The ‘Defending Elections from Threats by Establishing Redlines’ (DETER) Act was introduced in the Senate on Wednesday by Chris Van Hollen (D-Maryland) and Marco Rubio (R-Florida). If passed it would allow the US to impose harsh sanctions on Russia’s banking and energy sectors, should the Director of National Intelligence find evidence of Russian meddling in future federal elections.
The bill is a facsimile of a similar bill introduced by Van Hollen and Rubio last January. That iteration never made it to a vote and quickly dropped out of the headlines. Special Counsel Robert Mueller’s report claimed that although some Russian entities attempted to interfere in the 2016 election, there was no collusion between the Trump campaign and Russia, a conclusion that former US diplomat Jim Jatras sees as unlikely to impede the current version of the bill’s path through Congress.
“If you look at the response to the Mueller Report among [US President Donald] Trump supporters, they were very quick to sing out in joy: ‘look, no collusion, no collusion, that was all a myth,’” Jatras told RT. “However, everybody – Trump opponents and Trump defenders – are doubling down on how bad the Russians are.”
“Despite the fact that all belief in Russian involvement with the Trump administration was essentially disproven, the anti-Russian rhetoric and moves by American legislators will not cease at this point,” political analyst Viktor Olevich added.
Daniel McAdams, Executive Director of the Ron Paul Institute for Peace and Prosperity, is equally skeptical.
“The complete debunking of the ‘Russiagate’ hoax has Washington desperate to find some other way to blame Russia for something, because Washington is a city that depends on creating enemies to justify its lavish spending,” McAdams told RT.
European support fading?
The bill includes a recommendation that Congress help the European Union to enact similar legislation. However, many European leaders are already tired of Trump’s shakeup of the formerly predictable EU/US relationship.
“If the US keeps pushing its European allies too far, with moves that defy diplomatic protocol, then the European allies, Germany and others, are likely to drift further away,” Olevich said.
The rift between the US and the EU is exemplified by Europe’s handling of Trump’s withdrawal from the 2015 Iran nuclear deal. Despite pressure from Washington, the EU remained party to the deal, and European leaders worked to avoid US sanctions by developing an alternative payments mechanism to keep trade with the Islamic Republic flowing.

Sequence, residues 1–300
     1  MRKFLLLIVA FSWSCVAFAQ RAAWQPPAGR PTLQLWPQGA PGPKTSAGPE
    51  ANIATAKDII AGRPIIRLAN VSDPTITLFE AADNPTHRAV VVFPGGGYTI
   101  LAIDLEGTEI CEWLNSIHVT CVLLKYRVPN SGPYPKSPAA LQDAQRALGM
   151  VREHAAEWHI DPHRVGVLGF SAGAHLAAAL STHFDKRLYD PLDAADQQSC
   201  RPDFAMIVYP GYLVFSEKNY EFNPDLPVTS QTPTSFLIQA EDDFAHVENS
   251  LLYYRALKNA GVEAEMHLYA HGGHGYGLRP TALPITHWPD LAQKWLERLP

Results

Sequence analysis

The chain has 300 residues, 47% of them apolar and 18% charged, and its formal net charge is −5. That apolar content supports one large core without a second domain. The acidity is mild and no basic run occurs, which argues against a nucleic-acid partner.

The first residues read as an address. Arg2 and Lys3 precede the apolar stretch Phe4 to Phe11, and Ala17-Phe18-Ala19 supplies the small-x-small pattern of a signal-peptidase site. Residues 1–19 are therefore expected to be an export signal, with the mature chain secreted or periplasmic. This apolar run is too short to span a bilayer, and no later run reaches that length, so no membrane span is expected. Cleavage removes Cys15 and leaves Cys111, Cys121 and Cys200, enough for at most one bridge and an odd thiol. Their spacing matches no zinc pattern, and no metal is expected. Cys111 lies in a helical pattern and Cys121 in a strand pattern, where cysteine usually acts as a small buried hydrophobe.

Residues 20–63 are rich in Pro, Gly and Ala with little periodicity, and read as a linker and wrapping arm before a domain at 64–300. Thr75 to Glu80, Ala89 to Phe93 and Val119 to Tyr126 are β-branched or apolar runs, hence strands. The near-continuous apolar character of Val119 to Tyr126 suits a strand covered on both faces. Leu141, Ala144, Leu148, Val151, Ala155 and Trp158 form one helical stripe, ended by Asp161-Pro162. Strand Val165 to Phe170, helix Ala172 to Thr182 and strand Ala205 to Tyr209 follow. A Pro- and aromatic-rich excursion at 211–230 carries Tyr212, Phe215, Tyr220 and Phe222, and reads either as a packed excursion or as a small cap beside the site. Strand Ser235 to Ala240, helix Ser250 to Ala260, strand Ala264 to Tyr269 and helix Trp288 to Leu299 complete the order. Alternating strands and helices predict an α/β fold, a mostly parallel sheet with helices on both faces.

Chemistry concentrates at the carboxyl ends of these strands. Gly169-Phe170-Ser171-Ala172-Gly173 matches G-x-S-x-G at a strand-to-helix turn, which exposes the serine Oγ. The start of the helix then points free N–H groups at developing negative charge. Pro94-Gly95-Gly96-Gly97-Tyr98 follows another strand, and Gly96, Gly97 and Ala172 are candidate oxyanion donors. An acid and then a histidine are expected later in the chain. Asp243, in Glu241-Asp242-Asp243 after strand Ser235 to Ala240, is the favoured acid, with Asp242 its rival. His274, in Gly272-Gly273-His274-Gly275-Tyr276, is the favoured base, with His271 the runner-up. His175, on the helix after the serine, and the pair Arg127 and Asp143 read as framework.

In Germany, neither rebukes from Trump nor the promise of US-supplied natural gas could stop the government from pressing ahead with the Nord Stream 2 pipeline project. Once completed, Nord Stream 2 will pipe 55 billion cubic meters of Russian natural gas into Western Europe per year. Opponents say it deepens Europe’s energy dependence on Russia, and by bypassing traditional transit countries like Ukraine and Poland, allows Moscow to threaten their gas supply without affecting Western customers.
“The Europeans are already getting wary of following blindly the misadventures of the US neocons,” McAdams stated. However, if the sanctions do not directly threaten European interests, Jatras sees EU leaders toeing Washington’s line.
“If it’s something they can do to the Russians that doesn’t directly impact Germany or another important European country, I think that they have shown in the past that they have absolutely no spine and will do whatever Washington wants of them,” he stated.
Addicted to sanctions
Nevertheless, there is a growing consensus that sanctions don’t really work. “Almost in every single case,they have not had the effect that the Washington foreign policy establishment hoped for,” Olevich said. “Whether that concerns Russia, North Korea, Iran, China, or others.”
UN sanctions rapporteur Idriss Jazairy recently told RT that, rather than undermining public support for a foreign government, economic penalties often cause the population to “rally around the flag” and double down on their support for the government.
Still, Jatras says that “the band plays on.”
“[US leaders] think they can treat Russia like Syria or Venezuela or Serbia,” Jatras said. “I don’t think they realize that they are not the masters of the universe, and they are pushing the world towards a very dangerous place.”
While, according to McAdams, the US foreign policy establishment is “completely out of ideas.”
“They are totally lost, without a coherent idea of the US place in the world. That is why every ‘crisis’ involving another country is met only with US sanctions and threats.”